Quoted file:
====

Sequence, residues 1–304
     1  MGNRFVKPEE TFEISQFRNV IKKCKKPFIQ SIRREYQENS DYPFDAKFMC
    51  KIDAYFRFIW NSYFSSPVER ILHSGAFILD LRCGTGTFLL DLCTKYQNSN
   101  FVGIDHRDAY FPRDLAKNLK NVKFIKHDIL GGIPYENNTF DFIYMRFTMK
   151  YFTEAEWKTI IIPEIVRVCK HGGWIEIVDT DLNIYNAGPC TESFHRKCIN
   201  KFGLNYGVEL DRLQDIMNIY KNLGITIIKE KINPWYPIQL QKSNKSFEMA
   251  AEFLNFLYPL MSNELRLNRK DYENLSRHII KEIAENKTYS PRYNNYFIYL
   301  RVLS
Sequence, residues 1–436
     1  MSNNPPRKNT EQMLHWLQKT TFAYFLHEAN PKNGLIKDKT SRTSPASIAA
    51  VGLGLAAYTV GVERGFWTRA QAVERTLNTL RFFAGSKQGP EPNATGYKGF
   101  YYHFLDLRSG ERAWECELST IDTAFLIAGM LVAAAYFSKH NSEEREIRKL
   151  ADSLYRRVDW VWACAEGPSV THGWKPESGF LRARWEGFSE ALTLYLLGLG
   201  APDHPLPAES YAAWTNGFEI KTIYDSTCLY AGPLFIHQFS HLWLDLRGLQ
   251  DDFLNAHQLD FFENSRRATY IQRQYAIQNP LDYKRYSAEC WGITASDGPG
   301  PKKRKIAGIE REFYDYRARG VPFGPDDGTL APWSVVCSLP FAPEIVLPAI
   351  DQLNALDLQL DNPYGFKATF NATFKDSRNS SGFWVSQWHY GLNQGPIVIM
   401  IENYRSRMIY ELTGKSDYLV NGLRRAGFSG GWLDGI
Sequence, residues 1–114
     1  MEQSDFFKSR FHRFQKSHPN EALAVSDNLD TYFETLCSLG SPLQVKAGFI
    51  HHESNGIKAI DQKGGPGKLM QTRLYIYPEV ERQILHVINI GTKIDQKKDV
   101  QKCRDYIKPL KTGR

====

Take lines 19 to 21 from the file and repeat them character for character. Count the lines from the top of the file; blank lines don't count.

Sequence, residues 1–114
     1  MEQSDFFKSR FHRFQKSHPN EALAVSDNLD TYFETLCSLG SPLQVKAGFI
    51  HHESNGIKAI DQKGGPGKLM QTRLYIYPEV ERQILHVINI GTKIDQKKDV